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LA PAZ, Bolivia (3rd UPDATE) – Bolivia’s government urged patience Sunday, February 21, following a referendum on President Evo Morales’ bid to seek a fourth term, calling the results a tie and saying it was too early to call.
“We are really talking about a dead heat at the moment. So it would be better to hold your enthusiasm and calmly wait for results,” Vice President Alvaro Garcia told reporters. “All your celebration may well turn into weeping.”
He did not immediately say what percentage of the vote was counted. But he said media projections signaling a no vote had prevailed could well be wrong.
Earlier, local media projected that Bolivians had denied Morales’ bid to seek a fourth term and potentially extend his presidency until 2025.
Voters had their say on a constitutional amendment that would have allowed the president and his vice president seek 5 year terms when their current ones end in 2020. Both have been in power since 2006.
Already the country’s longest serving leader, Morales lost the referendum vote 52.3% to 47.7%, according to unofficial figures cited on private ATB television. Unitel television gave the “no” vote as 51% to 49%.
If confirmed officially, it would be the worst – and first – national political defeat for Morales, who has led the Andean nation for a decade.
It would also be a political earthquake; Morales had said he expected to see 70% in support of his bid.
Voting Sunday was mandatory, and some 6.5 million Bolivians were eligible to cast ballots.
A longer Morales era?
Last month, Morales became the longest serving president since Bolivia’s independence from Spain in 1825 – a rare accomplishment in a country known for military coups and shaky, short-lived governments.
Now 56, Morales is also Bolivia’s first democratically elected president of indigenous heritage.
Morales has overseen robust economic growth in Bolivia, but opponents accuse him of presiding over corruption and investing in flashy infrastructure projects at the expense of health and education.
Since taking office the first time in 2006, Morales has been re-elected twice, most recently in 2014 to a 5-year term that ends in 2020.
Under the current constitution adopted in 2009, sitting presidents can only seek re-election once.
But Bolivia’s Supreme Court ruled that Morales’s first term was exempt from the rule, allowing him to run again in 2014.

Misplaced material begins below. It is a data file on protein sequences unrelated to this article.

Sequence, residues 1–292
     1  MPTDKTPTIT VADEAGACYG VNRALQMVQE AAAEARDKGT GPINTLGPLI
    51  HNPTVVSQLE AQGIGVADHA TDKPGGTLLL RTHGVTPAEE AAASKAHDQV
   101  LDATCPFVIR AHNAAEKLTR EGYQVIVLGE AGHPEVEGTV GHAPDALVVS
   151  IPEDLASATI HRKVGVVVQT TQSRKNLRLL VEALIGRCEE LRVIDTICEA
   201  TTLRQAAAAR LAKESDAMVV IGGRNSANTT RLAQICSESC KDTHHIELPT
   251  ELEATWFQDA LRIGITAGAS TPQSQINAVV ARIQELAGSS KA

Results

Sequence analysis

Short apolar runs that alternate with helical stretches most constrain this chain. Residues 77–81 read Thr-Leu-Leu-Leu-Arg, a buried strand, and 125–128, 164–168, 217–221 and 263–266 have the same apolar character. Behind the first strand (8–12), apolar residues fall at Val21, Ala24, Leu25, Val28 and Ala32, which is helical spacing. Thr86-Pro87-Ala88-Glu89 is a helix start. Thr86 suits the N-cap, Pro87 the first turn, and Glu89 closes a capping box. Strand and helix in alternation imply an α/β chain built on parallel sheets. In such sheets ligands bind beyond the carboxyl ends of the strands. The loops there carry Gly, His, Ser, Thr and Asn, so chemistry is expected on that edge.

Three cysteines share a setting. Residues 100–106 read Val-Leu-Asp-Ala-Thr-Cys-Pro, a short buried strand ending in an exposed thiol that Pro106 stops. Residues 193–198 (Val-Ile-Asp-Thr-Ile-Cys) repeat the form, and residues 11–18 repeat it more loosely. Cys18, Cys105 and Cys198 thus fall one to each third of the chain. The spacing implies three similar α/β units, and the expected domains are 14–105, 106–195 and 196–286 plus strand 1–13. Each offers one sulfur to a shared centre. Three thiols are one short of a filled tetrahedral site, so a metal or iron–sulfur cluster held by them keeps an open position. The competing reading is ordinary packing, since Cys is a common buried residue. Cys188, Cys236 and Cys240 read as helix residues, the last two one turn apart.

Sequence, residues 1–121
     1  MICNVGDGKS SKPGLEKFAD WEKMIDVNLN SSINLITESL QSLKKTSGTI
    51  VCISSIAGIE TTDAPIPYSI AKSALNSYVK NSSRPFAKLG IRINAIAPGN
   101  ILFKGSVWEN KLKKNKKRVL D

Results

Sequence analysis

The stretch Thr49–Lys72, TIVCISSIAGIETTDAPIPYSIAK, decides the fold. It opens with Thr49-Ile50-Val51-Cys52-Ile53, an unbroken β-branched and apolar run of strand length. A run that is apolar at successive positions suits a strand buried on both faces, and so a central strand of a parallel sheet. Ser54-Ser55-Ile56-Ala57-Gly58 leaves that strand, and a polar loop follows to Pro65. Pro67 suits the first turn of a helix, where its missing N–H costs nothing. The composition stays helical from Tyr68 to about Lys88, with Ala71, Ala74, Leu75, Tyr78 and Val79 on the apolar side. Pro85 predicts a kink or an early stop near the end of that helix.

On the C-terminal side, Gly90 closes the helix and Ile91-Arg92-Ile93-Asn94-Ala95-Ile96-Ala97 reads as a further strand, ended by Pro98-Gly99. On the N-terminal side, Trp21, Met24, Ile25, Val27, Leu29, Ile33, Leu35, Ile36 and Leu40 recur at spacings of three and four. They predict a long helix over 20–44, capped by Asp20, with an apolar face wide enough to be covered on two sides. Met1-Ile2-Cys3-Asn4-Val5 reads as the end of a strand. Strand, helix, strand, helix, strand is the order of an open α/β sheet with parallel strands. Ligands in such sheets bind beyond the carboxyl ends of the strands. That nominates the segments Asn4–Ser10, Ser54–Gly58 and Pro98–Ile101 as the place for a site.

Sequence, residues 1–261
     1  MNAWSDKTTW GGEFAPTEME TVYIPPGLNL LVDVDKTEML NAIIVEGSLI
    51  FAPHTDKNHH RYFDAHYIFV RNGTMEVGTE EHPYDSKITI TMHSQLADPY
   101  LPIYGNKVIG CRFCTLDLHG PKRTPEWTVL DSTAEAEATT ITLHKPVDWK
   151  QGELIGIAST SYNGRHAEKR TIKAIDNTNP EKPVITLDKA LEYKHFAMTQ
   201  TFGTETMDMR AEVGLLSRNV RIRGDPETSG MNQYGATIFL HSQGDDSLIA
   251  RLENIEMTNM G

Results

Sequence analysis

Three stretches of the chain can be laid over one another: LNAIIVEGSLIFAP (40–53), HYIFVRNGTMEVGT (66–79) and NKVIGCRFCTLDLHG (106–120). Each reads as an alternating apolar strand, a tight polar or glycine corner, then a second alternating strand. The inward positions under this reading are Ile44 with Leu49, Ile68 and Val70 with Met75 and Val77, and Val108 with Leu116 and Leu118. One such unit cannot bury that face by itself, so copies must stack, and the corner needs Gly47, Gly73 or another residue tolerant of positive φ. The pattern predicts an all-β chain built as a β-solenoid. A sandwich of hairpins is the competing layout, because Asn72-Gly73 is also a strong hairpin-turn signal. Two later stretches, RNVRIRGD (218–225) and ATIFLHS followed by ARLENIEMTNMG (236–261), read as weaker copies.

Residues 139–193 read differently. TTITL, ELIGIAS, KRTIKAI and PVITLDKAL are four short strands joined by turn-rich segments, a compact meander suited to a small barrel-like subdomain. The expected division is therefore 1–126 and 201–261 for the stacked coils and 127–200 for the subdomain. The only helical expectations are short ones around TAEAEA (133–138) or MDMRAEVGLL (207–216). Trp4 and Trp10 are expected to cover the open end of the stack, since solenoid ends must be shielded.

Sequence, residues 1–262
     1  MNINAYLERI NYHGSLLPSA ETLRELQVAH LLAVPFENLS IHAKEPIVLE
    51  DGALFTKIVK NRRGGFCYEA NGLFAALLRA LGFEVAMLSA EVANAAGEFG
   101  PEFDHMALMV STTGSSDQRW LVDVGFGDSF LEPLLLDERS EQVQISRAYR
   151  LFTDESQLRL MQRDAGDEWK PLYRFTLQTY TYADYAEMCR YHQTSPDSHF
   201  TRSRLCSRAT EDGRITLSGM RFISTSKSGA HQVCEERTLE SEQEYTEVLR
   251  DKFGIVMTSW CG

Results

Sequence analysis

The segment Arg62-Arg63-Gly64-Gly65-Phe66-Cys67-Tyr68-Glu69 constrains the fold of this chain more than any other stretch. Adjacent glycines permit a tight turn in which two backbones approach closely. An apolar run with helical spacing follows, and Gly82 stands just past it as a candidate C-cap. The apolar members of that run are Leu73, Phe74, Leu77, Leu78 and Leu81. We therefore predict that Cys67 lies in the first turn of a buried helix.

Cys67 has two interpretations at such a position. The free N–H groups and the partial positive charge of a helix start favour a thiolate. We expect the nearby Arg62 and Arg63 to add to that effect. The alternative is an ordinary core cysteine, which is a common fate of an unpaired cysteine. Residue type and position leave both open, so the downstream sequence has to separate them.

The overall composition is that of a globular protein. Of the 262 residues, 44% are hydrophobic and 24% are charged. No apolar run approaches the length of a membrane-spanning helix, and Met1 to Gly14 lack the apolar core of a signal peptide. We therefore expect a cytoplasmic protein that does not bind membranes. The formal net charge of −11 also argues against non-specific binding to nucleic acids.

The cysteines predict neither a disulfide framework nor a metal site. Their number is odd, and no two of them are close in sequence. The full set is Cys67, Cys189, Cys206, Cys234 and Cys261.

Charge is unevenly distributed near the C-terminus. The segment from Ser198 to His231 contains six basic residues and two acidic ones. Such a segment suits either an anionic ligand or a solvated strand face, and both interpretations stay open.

Last month, he became the longest serving president.
His politics blend the indigenous power movement with environmentalism and the “21st-century socialism” preached by other Latin American leftist leaders.
He has nationalized the oil, gas, mining and telecommunications sectors and rolled out welfare grants for the elderly, children and expecting mothers.
Bolivia’s mineral- and gas-rich economy has more than tripled in size during his decade in office.
Despite plunging prices for its oil and gas, Bolivia’s economy grew 4.8 percent last year, one of the strongest rates in Latin America.
A close ally of the late Venezuelan president Hugo Chavez, Morales tested his luck at a time of disenchantment elsewhere in Latin America with longtime leftist leaders such as Venezuela’s President Nicolas Maduro; Brazil’s President Dilma Rousseff; and Argentina’s now ex-president Cristina Kirchner.
Morales’s most recent, and perhaps most damaging, scandal relates to charges of favoritism shown to CAMC, a Chinese engineering company that won the bid for a major railroad expansion project.
One of the top managers at CAMC’s La Paz office is Gabriela Zapata, 28 – Morales’s former girlfriend.
Morales is single and has recruited his older sister to perform the functions of first lady.
However, he recently admitted to having a child with Zapata during a two-year relationship that began in 2005 when she was 18. Morales said the child later died.
The president rejected corruption allegations as “a hoax by the US embassy” to discredit him, and insists that he has “nothing to hide.”
In an attempt to clear his name, Morales has asked state accounting authorities to investigate the process by which the government signed contracts worth $576 million with CAMC.
Congress has also opened a probe into the allegations. – Raul Burgoa, AFP / Rappler.com